The US National Transportation Safety Board (NTSB) has issued a Marine Accident Brief on the collision between a heavy lift vessel, an unarmed barge and the destroyer Delbert D Black in Pascagoula, Mississippi last March.
According to the report, after an approximately 60-day transit from Qingdao, the heavy lift semi-submersible vessel Hawk anchored off the coast, awaiting entry into the port. Two days later on March 29, 2019, while attempting to turn, the heavy lift vessel and its oversized cargo – a floating drydock – collided with the barge and destroyer, which were moored at the Ingalls Shipbuilding complex.
The NTSB’s analysis found that as Hawk approached the entrance to the Pascagoula River, the master warned the pilots that the vessel was slow in reducing speed and recommended decreasing speed earlier. However, pilot 1 was reluctant to moderate the vessel’s engine speed, concerned that he would have less rudder control and that the vessel would be set down on the port side of the channel.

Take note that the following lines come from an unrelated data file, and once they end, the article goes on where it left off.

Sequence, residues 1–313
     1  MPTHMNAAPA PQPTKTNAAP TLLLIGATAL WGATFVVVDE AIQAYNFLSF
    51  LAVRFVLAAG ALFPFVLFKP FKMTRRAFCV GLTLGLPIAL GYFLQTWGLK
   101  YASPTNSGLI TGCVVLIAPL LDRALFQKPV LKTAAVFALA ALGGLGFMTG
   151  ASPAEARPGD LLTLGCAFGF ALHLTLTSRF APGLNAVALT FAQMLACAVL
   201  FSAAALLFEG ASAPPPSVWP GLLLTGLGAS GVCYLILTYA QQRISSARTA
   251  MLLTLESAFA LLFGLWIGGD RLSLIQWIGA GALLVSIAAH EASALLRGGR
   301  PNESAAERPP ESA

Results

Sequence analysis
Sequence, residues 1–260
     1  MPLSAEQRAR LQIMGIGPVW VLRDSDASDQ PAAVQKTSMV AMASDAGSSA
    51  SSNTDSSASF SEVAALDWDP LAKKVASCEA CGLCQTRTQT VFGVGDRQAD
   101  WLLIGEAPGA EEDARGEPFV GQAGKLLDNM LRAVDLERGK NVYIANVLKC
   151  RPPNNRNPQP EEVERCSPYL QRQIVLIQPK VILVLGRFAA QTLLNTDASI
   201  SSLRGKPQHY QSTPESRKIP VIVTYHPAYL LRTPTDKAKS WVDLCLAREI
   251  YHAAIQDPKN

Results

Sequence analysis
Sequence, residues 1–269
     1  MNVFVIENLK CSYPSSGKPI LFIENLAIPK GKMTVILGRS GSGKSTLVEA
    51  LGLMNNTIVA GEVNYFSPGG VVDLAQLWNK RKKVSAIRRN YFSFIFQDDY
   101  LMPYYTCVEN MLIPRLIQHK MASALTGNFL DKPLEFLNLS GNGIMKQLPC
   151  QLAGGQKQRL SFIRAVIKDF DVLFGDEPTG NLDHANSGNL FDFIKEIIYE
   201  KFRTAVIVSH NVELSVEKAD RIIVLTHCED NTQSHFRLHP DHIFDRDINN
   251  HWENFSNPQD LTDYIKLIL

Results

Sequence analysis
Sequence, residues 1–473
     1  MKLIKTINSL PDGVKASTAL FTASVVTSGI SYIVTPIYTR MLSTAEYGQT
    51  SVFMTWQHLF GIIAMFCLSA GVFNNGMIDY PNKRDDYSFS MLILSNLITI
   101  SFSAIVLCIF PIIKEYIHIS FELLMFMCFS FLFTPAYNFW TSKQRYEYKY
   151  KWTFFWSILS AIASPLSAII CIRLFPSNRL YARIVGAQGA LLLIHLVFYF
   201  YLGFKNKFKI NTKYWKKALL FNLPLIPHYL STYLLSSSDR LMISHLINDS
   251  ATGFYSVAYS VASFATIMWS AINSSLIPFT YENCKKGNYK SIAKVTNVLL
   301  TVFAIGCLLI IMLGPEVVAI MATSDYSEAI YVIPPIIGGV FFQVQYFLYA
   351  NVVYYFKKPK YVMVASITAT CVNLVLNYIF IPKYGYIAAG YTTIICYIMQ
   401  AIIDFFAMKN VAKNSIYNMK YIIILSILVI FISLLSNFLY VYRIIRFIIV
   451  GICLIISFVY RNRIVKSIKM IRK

The pilot instead opted to use the tugboats made up to the stern to slow the Hawk, eventually ordering back full on both tugboats. The vessel did not slow as pilot 1 expected, and the tugboats made up to the stern did not have enough power to sufficiently reduce the Hawk’s speed prior to making the turn.
The report concluded: “The NTSB determines that the probable cause of the collision of the heavy lift vessel Hawk with a docked barge and the destroyer Delbert D Black was the speed at which the conning pilot was operating the Hawk while attempting to turn and anchor in a shipyard basin.”
Offshore Heavy Transport (OHT), the owner and operator of the semi-submersible ship, said that it is not in a position to comment on the incident while the case continues.